Essay: Education of Women

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[. . .] Early researchers concur that women belonged indoors as they were obliged to tend to children and watch servants. This further adds evidence to the conforming stereotypes put on women in the Renaissance period as seen from Juan Luis Vives example (Bell 187).

To present any form of inappropriate characteristics, women would quickly put the offender to be ridiculed in public. These stereotypes clearly show that there was no Renaissance for women. While posing as a backfire from multiple points-of-view to the religious wars and the witch trials of the former hundreds of years, the thinkers and philosophers of the Enlightenment supported the utilization of rational science and thought over superstition and religion (Rice and Anthony 78). In France, Enlightenment philosophies advised against the excesses and the power of the Catholic Church and any form of organized religion as an unsafe vehicle of intolerance. Throughout the Enlightenment, the advancement of ideas such as rationality and individualism began to challenge the relegated roles of women in the society (Bell 201).

Researchers like Rousseau expounded on this but pressed on to differentiate women as the men opposites. Women were still observed to have designated roles in the social order, especially as wives and mothers. All through the Age of the Enlightenment, women discovered approaches to join the new intellectual developments advancing in the public sphere with their delegated place in the domestic private circle (Rice and Anthony 101). For instance, women throughout this period frequently engaged in the salon culture. A salon was an intellectual and social gathering of individuals who met at the house of intellectually inspiring or renowned individuals. They often examined the most recent social patterns, literature, legislative issues, philosophy, and art. Salons were intended to be social gatherings for entertainment and fun, besides being sources of intellectual stimulation (Bell 203).

Traditionally, the wealthier segments or the bourgeoisie of the society partook in salons, which regularly occurred in urban settings. The fact that the salon occurred in the home permitted women to contribute and participate. While salons were fundamentally popular in Parisian society throughout the eighteenth century, they were likewise discovered in urban areas all through Western Europe, incorporating England, and in the German states moreover. All through the eighteenth century, many women exploited numerous forms of literature as an approach to contribute and participate in society (Bell 202). This was particularly accurate of the novel, which turned into an undeniably prevalent form of reading throughout the eighteenth century. Female authors began to rise throughout this period and expanded in number throughout the span of the eighteenth century and past. In addition, a couple of women began to publish tracts and writings that grappled with new hypotheses of Enlightenment and the subordinate position of women in the social order (Rice and Anthony 104).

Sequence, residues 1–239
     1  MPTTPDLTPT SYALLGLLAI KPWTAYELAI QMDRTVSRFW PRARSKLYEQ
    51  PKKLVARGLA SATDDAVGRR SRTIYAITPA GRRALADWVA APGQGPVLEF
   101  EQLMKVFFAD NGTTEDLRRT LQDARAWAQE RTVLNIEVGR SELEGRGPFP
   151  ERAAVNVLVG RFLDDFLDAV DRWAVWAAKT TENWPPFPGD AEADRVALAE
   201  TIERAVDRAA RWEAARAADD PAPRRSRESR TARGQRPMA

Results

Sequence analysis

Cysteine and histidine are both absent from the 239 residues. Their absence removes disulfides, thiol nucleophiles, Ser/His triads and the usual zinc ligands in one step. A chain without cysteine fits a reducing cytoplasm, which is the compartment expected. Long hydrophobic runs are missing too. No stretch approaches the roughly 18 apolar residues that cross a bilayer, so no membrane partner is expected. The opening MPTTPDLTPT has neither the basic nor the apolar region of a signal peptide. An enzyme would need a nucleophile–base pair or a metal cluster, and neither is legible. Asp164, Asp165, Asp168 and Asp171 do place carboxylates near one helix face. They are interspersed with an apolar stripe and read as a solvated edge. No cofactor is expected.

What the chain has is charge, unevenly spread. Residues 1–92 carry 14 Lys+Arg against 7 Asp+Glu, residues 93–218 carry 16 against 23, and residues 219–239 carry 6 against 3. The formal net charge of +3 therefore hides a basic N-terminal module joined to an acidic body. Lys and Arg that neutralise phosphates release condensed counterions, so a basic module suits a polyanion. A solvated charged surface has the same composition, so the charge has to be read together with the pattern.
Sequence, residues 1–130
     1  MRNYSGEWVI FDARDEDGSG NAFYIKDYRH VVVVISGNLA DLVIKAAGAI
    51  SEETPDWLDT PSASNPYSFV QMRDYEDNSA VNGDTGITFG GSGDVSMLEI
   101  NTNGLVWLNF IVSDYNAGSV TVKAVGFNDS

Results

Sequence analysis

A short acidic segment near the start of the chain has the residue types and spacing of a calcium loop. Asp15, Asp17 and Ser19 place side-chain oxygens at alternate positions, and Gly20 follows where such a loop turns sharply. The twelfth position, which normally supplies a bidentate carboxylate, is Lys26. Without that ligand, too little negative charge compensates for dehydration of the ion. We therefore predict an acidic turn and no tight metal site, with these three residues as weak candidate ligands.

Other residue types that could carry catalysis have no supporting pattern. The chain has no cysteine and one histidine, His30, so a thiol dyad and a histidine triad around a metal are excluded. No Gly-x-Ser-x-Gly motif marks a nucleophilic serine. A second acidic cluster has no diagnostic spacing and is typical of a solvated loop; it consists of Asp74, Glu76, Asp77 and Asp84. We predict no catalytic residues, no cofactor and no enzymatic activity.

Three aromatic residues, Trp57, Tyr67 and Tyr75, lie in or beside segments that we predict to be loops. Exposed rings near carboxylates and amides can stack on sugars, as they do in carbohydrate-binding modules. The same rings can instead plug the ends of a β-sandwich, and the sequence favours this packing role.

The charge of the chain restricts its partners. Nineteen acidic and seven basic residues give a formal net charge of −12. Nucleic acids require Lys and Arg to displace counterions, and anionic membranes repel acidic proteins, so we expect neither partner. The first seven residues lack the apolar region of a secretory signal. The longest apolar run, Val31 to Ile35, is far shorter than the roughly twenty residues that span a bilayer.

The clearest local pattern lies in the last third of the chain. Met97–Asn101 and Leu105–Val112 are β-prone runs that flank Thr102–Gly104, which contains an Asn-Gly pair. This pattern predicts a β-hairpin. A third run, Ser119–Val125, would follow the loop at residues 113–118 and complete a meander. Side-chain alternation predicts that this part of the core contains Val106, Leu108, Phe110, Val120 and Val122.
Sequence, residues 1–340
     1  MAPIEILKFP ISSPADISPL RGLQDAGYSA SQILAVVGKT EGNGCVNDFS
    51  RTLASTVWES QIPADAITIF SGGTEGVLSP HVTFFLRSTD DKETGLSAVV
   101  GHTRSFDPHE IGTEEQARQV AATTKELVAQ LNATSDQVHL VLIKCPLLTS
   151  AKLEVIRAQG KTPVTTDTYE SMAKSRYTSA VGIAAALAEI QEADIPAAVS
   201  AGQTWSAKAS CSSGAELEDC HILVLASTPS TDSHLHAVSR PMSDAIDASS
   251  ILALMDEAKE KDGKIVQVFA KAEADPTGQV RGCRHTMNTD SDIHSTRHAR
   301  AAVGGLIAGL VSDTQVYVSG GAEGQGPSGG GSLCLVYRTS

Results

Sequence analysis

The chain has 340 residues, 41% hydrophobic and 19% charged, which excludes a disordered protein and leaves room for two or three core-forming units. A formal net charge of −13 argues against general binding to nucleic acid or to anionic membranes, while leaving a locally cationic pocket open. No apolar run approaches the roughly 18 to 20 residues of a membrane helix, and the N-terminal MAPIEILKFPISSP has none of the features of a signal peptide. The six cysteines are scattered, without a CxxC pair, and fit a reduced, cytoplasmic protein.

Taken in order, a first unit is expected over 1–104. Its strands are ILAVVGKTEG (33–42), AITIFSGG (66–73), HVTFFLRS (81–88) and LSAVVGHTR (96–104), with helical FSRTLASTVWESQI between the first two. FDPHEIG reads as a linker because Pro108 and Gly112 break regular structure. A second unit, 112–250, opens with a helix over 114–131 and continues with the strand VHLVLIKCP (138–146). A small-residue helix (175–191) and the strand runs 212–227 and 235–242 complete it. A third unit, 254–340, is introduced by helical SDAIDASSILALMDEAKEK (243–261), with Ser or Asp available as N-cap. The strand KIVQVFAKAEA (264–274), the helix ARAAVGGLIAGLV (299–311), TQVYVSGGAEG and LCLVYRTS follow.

Women, consistent with Wollstonecraft, were imperative in teaching children and, accordingly, important in facilitating the strength of the country. Wollstonecraft accepted that women might as well get a level of training that matched their social standing, with the intention that they could be both fancy figures and intelligent partners for their spouses. Wollstonecraft did not call for the equivalent rights between men and women (Bell 189). She still looked after women were regularly suited for lives as wives and mothers. Today Wollstonecraft is recognized a proto-feminist. She is not acknowledged as an advanced feminist to some extent because the thought of woman's rights did not exist in her lifetime. In any case, Wollstonecraft did administer that women were people, and hence were equipped for thinking soundly and getting a formal instruction. Throughout the Enlightenment scholars, like John Locke focused on the tenets and principles of natural rights. Wollstonecraft-based Locke's convictions and contended that God gave natural rights to people. This way, women had these rights too. Consequently, Wollstonecraft was instrumental in developing the foundations for prospective feminist literature (Rice and Anthony 106).

It is evident that women were precluded a Renaissance due to the conforming stereotypes and absence of education. While humanists advanced individualism, women were treated same as in the middle Ages.

Works Cited

Bell, Susan G. Women: from the Greeks to the French Revolution. Belmont, Calif.: Wadsworth Pub. Co., 1973. Print 181-209

Rice, Eugene F., and Anthony Grafton. The… [END OF PREVIEW]

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